Earlier this week China launched one of its venerable Long March rockets. That event in itself is no longer news as China has become one of the world’s busiest and most reliable providers of satellite launch services. This particular rocket, however, will deliver the Chinese rover Chang’e-3 to the surface of the moon.
Dubbed Jade Rabbit, the golf cart-size rover will spend three months exploring the lunar surface, gathering and analysing soil, and conducting ultraviolet light experiments. While China had successfully sent orbiters around the moon in 2007 and 2010, this will be the first “soft” landing by China or any other country since the Soviet Union’s Luna 24 in 1976.
The rover represents just the tip of a long Chinese spear of space accomplishments and ambitions, which include human space flight, a space station under construction and a planned human mission to the moon within 15 years. But perhaps what is even more significant about this rover is that it symbolises an overall growth and shift in the space arena, which now an ever-greater number and variety of countries with space programmes.
Wanting the pie in the sky
Since the early days of the Cold War, space activities have been traditionally associated with the largest, wealthiest, and most powerful countries. Apollo, Viking, Soyuz and the International Space Station are among the project names that bear witness to the dominance that the United States, Russia and the European Space Agency has exercised in space. But today’s space arena is an increasingly crowded place. While these traditional space actors still have very active and viable space programmes, they must increasingly accommodate themselves to the fact that many other countries are vying for the technology, resources and space in, well, space. Among the newer players, developing countries are asserting their place in space.
Among the largest and more economically advanced countries in the developing world, three countries are the leaders in elevating their space programmes’ national importance: China, India and Brazil. Each shares a common history of investing in advanced rocketry, nuclear energy and weapons research and advancing a space programme. But these countries’ space ambitions, while longer and more complicated, are shared by a growing list of developing countries that see a space programme as an essential part of their national security and economic development.
From Indonesia to Argentina to South Africa, nations have been spending relatively large amounts of money to develop or purchase space-based assets. Argentina is investing millions in the development of its own Tronador launcher, which will be able to put smaller satellites into low-Earth orbit. Mexico has announced plans to build a space centre in its Yucatan region. Nigeria founded its space agency in 1998 and has purchased, and even helped to build, its own satellites. Indonesia has been invested in satellite communications since 1976. In all, over a dozen developing countries have official space agencies and space programmes and many others are eagerly purchasing satellites that space-faring countries will launch for them.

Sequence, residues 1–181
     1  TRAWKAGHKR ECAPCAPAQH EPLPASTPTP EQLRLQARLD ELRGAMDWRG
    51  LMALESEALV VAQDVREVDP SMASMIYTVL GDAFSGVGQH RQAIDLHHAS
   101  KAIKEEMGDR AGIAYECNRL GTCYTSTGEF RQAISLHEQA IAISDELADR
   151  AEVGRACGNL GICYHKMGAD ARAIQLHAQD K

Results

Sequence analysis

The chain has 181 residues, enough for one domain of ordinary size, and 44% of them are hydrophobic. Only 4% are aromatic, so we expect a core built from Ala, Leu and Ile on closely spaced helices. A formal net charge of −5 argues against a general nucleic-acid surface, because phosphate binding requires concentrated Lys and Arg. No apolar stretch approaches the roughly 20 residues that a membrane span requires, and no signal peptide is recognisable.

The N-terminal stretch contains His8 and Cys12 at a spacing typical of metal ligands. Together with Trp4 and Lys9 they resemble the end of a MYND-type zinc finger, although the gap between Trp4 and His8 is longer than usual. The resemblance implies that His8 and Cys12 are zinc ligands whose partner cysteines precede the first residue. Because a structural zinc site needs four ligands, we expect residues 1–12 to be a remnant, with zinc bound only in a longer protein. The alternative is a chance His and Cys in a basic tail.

But why would poorer countries invest in space instead of on the ground? The answer is fairly simple: the rewards are usually greater than the investments. Technological innovations help spur economic growth and thus poverty eradication.
It is now transparent to most people that many aspects of modern life are directly and indirectly dependent upon satellites. Satellites make long-distance, multichannel television and even some long-distance telephone and Internet communications possible. Modern GPS services, weather forecasting, and disaster responses depend on satellites. Since the dawn of the space age, modern militaries have steadily expanded their use and reliance on satellite-based communications, reconnaissance, and even space-based spy capabilities, which have become the touchstone of their defensive (and offensive) capabilities.
But aside from these most impressive capabilities, satellites also provide developing countries with invaluable capabilities to grow their economies and improve the quality of their citizens’ lives. For example, rural residents in India use satellite-based communications to connect to urban centres for otherwise unattainable medical expertise. Farmers in Argentina and Vietnam use satellite-based soil, water and crop information for to carry out precision farming, which optimises returns on inputs.
Old game, new players
For the larger and wealthier developing countries, the goal of having an “eye in the sky” has become indispensable. Countries as diverse as Brazil, India, Iran, Pakistan and Kazakhstan have Earth-observation satellites to monitor the environment but can also use them as reconnaissance satellites to keep tabs on potential adversaries in the neighbourhood. China, in particular, has been hard at work launching into orbit constellations of communications, reconnaissance, and spy satellites to enhance its claim as the rising power in Asia and the world.
So space technology – like other varieties of technology – is no longer the purview of a select handful of wealthy countries. Developing countries see access to space for both its practical and symbolic values. The fact that China is heading to the moon should not really be too surprising. It demonstrates the country’s technological and economic ascension in a way that few other national acts could. Perhaps equally important is that fact that its neighbour, India, had already sent a Moon orbiter in 2008 and has another planned in the near future. Earlier this week, India launched its Mars Orbiter Mission, which is now on the way to the red planet.
In essence, China is engaged in prestige-building, technology improvement and one-upsmanship, all at the same time. But that has been the story since the dawn of the space age. It’s just that today, other countries have entered the fray.